It's a sparkling spring morning and I'm zipping across the vast Lake Argentina in a high-speed catamaran, heading for Estancia Cristina, a remote ranch deep in the mountains of Patagonia. My cat has twin-turbo diesel motors and can move like a racing car if its skipper wants it to.
The founders of the ranch were a British couple, John Masters and Jessie Waring. They had sail and steam to push their timber boat through the wind tunnels and over the wind shadows that lurk on the lake. But that was over a century ago, in 1914, when Patagonia was a promised land for pioneering pastoralists.
They must have had a phenomenal capacity for work, along with the tenacity to overcome the transport and other challenges, bringing all their supplies in over the lake and shipping all the produce out again. But if ever they had time to stop and contemplate their surroundings, they must have been pleased with their choice.
Estancia Cristina is a vast land holding in a natural Shangri La, with the lake shore the boundary at one edge, massive mountain ranges enclosing it on all the other sides and glacier-fed streams and rivers flowing through the pastures.
They most likely counted their journey in days. Ours takes around three hours from Punta Banderas and we use a third of that time admiring the Upsala Glacier and the icebergs it spills from its wall into the lake. The boats' crew grapple some of the ice on board, delighting some children from parts warmer than this who handle it as though it was a piece of another planet.
When they had the 22,000-hectare ranch running at full speed, Masters, Waring and company had a flock of 12,000 sheep for wool, as well as herds of cattle and horses. They started out living in tents, eventually building the homestead and outbuildings required to run the enterprise.
It is no longer a working ranch, but those buildings now form the heart of the tourism venture that is Estancia Cristina, within Argentina's vast Los Glaciers National Park.
Most of my fellow passengers are day visitors, here to explore the ranch and understand its history and maybe have a look at the glaciers above. I am taken to one side with the few other overnight guests, put aboard a massive four-wheel-drive and driven the short distance to the Octagon.
This building hosts the reception, dining, lounge and bar areas and has that warm, creaking-timber feel you always find in a friendly rural homestead.
A little way beyond the main homestead are the lodges that house the guest accommodation; mine is called Montana and from my room, I look out big bay windows over the ranch lands to Col Norte (Mount North) a 2616-metre massif with a sharp peak and hanging glaciers clinging to its sides like candle wax.
The food, while simple enough, is very good. This is, after all, an area of abundance, with plenty of fresh fruit and vegetables, fish, beef and, naturally, lamb. Patagonia loves its lamb.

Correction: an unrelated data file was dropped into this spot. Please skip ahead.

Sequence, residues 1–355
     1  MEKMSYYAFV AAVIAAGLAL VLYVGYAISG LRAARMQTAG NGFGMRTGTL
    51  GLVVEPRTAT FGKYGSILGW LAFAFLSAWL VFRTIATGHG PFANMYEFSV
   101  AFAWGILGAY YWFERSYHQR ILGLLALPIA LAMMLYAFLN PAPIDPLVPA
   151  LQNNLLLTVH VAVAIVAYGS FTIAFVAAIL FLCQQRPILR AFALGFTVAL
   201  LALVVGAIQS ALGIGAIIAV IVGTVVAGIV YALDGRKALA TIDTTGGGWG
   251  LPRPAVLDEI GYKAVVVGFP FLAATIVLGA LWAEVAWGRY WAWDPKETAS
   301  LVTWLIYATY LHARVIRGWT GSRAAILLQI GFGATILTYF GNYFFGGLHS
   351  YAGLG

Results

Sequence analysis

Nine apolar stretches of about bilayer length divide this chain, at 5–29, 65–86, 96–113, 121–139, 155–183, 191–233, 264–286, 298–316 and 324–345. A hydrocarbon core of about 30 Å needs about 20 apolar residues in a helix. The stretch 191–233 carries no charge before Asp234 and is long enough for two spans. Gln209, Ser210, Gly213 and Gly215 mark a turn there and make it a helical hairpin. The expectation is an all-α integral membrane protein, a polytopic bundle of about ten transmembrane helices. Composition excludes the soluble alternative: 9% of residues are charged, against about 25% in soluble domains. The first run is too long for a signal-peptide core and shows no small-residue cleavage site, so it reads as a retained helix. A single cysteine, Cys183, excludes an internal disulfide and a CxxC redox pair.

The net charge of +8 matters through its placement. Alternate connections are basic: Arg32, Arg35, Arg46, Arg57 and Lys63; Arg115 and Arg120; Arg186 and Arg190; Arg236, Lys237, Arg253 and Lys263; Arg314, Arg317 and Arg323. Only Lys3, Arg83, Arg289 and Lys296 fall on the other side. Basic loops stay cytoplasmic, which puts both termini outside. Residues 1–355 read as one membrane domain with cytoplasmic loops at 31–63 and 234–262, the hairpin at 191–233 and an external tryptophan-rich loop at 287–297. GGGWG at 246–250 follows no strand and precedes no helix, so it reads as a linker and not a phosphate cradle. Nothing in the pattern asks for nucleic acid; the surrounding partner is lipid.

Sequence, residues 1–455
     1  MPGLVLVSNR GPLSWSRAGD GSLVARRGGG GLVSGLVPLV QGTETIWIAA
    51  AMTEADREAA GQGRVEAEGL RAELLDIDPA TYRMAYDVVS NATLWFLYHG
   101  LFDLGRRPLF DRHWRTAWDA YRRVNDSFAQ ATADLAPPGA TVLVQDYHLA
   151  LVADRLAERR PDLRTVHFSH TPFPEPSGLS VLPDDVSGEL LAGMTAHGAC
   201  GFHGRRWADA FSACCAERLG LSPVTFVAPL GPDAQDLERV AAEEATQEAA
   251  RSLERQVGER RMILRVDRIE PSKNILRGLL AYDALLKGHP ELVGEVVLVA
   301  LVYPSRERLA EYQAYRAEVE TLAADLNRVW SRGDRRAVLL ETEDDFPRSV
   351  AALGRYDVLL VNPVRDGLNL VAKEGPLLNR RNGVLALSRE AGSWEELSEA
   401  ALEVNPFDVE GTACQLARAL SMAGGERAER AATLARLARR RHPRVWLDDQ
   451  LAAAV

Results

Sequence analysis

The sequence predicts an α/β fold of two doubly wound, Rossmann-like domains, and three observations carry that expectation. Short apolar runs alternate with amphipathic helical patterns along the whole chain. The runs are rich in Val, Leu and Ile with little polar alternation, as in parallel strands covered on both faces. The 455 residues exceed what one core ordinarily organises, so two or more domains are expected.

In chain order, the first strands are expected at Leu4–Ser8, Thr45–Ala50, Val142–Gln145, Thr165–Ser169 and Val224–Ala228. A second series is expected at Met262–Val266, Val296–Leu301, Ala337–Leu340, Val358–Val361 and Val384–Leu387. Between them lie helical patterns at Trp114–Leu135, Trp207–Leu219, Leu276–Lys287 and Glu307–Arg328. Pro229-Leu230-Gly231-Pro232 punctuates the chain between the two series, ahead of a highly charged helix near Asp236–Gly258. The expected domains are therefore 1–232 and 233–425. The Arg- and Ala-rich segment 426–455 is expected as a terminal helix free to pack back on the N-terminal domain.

At breakfast they steered me towards Patagonia's war on Nutella – Dulce de Leche – the outrageously sweet caramel spread made from condensed milk. A little less sugary was the calafate jam (calafate is a local berry, indigenous to Patagonia, hence the town El Calafate).
For overnight guests, guided hiking, fishing, horse riding and 4WD tours are included. The surroundings are so good, the atmosphere so relaxed and the views so absorbing, it is the perfect place to sit back, read and reflect, but the outdoors beckon ...
When they were going strong in the conquering and colonising business, the Spanish shipped horses to their South American outposts and from those Andalusian and Arabian ancestors, the stocky and stoic Criollo breed emerged.
"They're the tough ones from the pampa, they are very rustic and very good for this life; their temperament is perfect for this," says Lucia Cataldi, my ride guide for the day.
She would know – Lucia is a vet by profession but grew weary of neo-natal work for polo ponies back in Buenos Aires (polo is a major industry in Argentina and crucial in the social structure; unlike thoroughbred breeders, polo breeders can transfer embryos, so surrogates are used for breeding "so the good mares can keep being ridden for the polo").
Her boss at Cristina is Agustin Pereyra, the beret-wearing gaucho. "A friend of mine knew Agustin and I thought I wouldn't mind to live in Patagonia, riding horses. This job is perfect for me, I really love riding and I am not paying. They are paying me!"
Outside the tourist season they simply let the horses go – they have a 22,000-hectare natural corral and no predators to speak of. Such is his touch with the horses, they say when it is time for them to get back to work in spring, Agustin simply wanders upriver to find them; he calls and they come.
"I am not a gaucho, I grew up in a town," Lucia says. "But Agustin is a gaucho, he grew up on a farm. I like the way they live and their philosophy. They are very spiritual people. They are very nice people."